School Report – Tokyo 1991

Derek Redmond, Tokyo relay champion at the ESAA championships.
Image credit: ESAA archive

A look at the results of ESAA alumni in Tokyo gives an immediate indication of the impact of ESAA competitions in the late twentieth century.  As in 1964, the high jump provided an immediate taste of senior competition for an ESAA graduate, with Steve Smith starting the process that would lead to world and Olympic bronze medals within 5 years.  One of his colleagues in the discipline, Geoff Parsons, had set the senior British record at the English Schools’ championships in 1983, although he would represent Scotland in the Commonwealth Games.

The 1990s would see a great deal of success in hurdles for British athletes.  In Tokyo there were silver medals for the 1986 ESAA champion in the sprint hurdles, Tony Jarrett, and over one lap for Sally Gunnell, who would dominate the event for the next few years.  Gunnell followed in the tradition of Tokyo champions Packer and Rand in winning ESAA gold medals in different disciplines, in her case long jump and sprint hurdles.

Image credit: Mark Shearman MBE – Athletics Images

What of the next generation?  The 1991 ESAA championships at Stoke-on-Trent identified a bumper crop of talent, including multiple winners Donna Fraser and Katharine Merry.  Future internationals included Paula Radcliffe and Darren Campbell, as well as Hylton, Maduaka, Grindley, Quarrie, Allahgreen, Curbishley, Reilly, Buckfield, Hollman, Edwards, Gatrell and Holroyd.  Sprinter Allan Condon would move on to bobsleigh, a popular career path for ESAA alumni, and the results of the triple jump show a particularly rich crop of talent.  Commonwealth champions Julian Golley, who would become one of Britain’s longest-serving athletes, and Larry Achike won their respective age-groups, with Achike defeating future Premier League footballer Michael Duberry.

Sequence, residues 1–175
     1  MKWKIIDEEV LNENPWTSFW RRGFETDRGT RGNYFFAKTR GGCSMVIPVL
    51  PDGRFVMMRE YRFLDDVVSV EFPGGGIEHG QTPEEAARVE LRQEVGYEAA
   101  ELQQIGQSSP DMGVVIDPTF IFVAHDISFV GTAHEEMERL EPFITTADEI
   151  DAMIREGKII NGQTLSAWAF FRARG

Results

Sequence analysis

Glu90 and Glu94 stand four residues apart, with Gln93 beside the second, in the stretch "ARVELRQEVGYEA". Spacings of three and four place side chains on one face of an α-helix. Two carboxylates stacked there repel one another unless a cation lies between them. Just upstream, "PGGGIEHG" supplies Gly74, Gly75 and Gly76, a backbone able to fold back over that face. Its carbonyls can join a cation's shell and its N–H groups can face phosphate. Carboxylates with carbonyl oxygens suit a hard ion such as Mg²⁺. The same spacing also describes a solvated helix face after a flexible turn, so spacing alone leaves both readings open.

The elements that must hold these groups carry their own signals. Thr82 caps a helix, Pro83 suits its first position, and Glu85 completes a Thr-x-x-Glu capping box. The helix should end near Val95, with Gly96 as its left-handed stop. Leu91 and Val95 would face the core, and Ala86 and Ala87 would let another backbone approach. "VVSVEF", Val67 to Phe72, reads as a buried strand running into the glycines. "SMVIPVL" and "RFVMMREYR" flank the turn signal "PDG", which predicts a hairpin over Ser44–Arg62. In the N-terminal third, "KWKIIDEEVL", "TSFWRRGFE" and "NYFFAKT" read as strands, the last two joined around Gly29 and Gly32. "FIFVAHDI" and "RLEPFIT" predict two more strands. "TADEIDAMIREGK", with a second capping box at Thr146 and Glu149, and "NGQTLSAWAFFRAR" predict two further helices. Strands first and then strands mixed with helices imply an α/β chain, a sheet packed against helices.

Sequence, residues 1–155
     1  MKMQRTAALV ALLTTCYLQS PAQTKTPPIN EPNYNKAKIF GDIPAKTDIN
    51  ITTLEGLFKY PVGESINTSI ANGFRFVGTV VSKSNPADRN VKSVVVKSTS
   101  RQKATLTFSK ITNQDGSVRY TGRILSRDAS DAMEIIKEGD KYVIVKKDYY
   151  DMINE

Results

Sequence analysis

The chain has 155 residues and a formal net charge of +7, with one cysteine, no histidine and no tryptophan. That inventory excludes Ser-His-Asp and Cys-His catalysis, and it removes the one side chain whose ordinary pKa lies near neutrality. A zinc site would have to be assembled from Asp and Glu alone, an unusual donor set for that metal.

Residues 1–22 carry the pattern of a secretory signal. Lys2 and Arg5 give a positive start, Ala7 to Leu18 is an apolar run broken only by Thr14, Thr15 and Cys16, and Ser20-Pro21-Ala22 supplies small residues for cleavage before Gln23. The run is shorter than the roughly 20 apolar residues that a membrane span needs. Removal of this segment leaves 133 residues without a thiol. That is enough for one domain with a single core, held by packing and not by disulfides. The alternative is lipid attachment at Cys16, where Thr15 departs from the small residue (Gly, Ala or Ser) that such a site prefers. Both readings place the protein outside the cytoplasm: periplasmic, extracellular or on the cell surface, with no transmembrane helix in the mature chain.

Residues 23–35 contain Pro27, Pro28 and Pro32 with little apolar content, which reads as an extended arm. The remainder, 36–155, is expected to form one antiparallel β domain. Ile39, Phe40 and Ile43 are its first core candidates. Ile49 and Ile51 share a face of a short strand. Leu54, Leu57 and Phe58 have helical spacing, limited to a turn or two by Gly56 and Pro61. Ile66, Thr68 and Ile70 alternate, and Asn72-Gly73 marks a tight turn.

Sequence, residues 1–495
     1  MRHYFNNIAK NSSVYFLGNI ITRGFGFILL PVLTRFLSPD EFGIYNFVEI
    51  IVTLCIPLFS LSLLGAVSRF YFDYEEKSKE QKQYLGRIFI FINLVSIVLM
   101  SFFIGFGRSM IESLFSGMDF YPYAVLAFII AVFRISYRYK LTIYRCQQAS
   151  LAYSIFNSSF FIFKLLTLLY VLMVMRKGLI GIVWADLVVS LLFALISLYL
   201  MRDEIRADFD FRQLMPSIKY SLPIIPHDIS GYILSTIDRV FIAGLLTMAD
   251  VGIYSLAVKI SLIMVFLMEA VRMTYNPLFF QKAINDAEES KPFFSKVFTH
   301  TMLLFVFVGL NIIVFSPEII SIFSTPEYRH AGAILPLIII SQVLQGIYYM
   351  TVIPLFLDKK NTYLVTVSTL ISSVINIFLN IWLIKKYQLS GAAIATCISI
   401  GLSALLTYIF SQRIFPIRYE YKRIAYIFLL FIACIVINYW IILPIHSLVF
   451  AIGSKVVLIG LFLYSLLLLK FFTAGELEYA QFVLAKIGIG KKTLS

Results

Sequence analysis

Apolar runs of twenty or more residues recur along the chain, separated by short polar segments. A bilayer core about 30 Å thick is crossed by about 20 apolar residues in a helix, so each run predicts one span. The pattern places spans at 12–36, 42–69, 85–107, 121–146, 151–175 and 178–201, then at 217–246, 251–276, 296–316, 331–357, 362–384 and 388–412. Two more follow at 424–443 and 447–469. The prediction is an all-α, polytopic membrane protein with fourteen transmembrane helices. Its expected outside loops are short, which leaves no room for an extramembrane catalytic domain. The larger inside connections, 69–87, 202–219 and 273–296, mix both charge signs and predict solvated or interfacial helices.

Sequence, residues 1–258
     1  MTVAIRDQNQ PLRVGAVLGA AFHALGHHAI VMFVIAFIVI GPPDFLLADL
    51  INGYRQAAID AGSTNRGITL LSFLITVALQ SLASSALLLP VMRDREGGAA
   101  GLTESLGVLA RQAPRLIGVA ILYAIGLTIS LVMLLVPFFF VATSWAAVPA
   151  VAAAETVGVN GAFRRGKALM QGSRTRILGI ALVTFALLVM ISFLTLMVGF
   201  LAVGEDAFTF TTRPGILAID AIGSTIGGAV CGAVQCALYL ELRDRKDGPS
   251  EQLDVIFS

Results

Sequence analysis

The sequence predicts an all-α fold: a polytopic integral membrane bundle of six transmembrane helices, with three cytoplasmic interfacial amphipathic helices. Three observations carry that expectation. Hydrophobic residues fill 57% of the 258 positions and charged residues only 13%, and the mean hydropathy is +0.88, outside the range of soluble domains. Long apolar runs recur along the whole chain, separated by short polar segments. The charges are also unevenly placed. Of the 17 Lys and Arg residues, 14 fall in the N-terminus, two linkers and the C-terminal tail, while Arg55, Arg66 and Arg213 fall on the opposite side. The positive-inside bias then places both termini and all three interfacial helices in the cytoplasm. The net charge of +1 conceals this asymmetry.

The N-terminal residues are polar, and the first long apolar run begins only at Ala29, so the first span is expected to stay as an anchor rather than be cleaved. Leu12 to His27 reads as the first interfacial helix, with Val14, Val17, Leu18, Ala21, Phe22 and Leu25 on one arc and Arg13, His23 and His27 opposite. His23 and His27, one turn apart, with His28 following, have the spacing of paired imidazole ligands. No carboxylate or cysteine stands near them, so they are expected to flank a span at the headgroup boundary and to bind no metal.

To work alongside so many legends and greats of English Schools’ AA who have done so much to develop our sport in schools, in competitions, in officiating and even globally shows just how important the ESAA is to the development of and the health of athletics in England. When you talk to former and current GB athletes or to school age athletes a measure of their success is what they did at the Schools. Our more than 3000 members of our Facebook page tell us regularly that the Schools Championships were the best events of their development and taught them so much for later years about the sport and about life.

The English Schools’, its varied Championships and Cups are more than just a name, a Committee or a series of events that are annually staged, some since 1925.  It is the custodian of dreams and memories; it is the pinnacle for so many young people within our sport; it is the place where passions can be developed and the love for our sport begins. The future of athletics globally is being discussed by the powers at World Athletics but for our young people the hope and dream of going to “the Schools” is still as strong as ever.  The English Schools Committee has allowed thousands upon thousands of children to have the opportunity to take part in our varied events – we have given them the opportunity to have their dream … their Olympics.

For me the English Schools’ is more than a name; it is a belief in what is possible and a place where friends are made for life.

Ken Burkett
ESAA General Committee 2020